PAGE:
The Screen Door Effect (SDE) is a common complaint amongst users of Virtual Reality (VR) headsets. SDE is characterized by a mesh-like artifact, much like looking through a screen door, on an image due to the space between pixels having a large enough angular size to be resolved through the viewing optics. Current generation VR displays exhibit SDE, distracting the user and breaking immersion. There are solutions currently in use in commercial VR headsets that reduce SDE in the form of dispersive elements placed in front of the display that effectively blur images from the display. However, these solutions only reduce the SDE, and functionally the blur is equivalent to reducing the quality of the optical stack. A method of image enhancement is to "shake" the display using piezo actuators, effectively shifting the pixels to enhance the image. This method can increase the apparent size of the pixels, reducing the gaps between pixels and leading to a reduction of SDE. In this paper, we will explore the limits of SDE reduction using this pixel shifting method with a square pixel architecture on a 9.4 μm pixel pitch RGBW display, and how that generalizes to other display architectures. We will find how different stimuli change with screen door reduction, analyzing solid color, text, and natural scenes. We will also explore what parameters to use in order to minimize SDE, adding to the other benefits of this solution and generalizing the parameters to all displays.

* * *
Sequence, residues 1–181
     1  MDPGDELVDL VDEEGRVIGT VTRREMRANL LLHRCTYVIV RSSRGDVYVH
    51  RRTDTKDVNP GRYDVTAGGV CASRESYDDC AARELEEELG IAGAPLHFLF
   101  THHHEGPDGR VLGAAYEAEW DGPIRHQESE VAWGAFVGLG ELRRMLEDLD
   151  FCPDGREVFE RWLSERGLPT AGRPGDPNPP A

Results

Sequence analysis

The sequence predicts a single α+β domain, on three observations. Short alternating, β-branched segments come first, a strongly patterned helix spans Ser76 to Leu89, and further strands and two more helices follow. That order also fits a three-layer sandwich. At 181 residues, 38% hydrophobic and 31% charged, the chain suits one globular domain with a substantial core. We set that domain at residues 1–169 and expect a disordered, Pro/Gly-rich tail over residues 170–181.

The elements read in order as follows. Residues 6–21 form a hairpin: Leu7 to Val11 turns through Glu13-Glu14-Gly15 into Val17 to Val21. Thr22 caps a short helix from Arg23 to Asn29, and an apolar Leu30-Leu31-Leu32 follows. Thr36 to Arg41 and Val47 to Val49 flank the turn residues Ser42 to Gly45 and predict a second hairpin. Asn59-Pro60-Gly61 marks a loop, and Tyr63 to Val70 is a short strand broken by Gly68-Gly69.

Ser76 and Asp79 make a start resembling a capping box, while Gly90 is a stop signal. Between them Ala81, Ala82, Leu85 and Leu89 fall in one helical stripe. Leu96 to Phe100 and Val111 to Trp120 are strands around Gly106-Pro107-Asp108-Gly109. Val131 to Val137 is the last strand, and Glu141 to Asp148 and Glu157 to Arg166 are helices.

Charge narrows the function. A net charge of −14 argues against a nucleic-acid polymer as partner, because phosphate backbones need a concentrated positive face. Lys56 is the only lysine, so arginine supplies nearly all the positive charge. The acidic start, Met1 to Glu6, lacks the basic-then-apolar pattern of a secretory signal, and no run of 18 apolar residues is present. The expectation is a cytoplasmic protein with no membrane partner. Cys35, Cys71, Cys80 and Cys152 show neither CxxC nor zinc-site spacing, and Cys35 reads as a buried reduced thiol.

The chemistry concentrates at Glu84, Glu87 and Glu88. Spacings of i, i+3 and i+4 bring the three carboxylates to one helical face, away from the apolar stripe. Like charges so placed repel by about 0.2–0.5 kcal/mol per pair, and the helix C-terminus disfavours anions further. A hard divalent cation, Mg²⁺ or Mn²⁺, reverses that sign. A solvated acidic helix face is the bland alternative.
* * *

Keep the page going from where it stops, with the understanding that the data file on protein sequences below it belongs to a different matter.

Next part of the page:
The history of semiconductor quantum optics group in the College of Optical Sciences will be discussed. The work from planar microcavities including VCSELs, photonic crystal cavities leading to the observation of strong-coupling between an L3 cavity and a quantum dot, and now metallic cavities coupled to quantum wells and quantum dots will be described.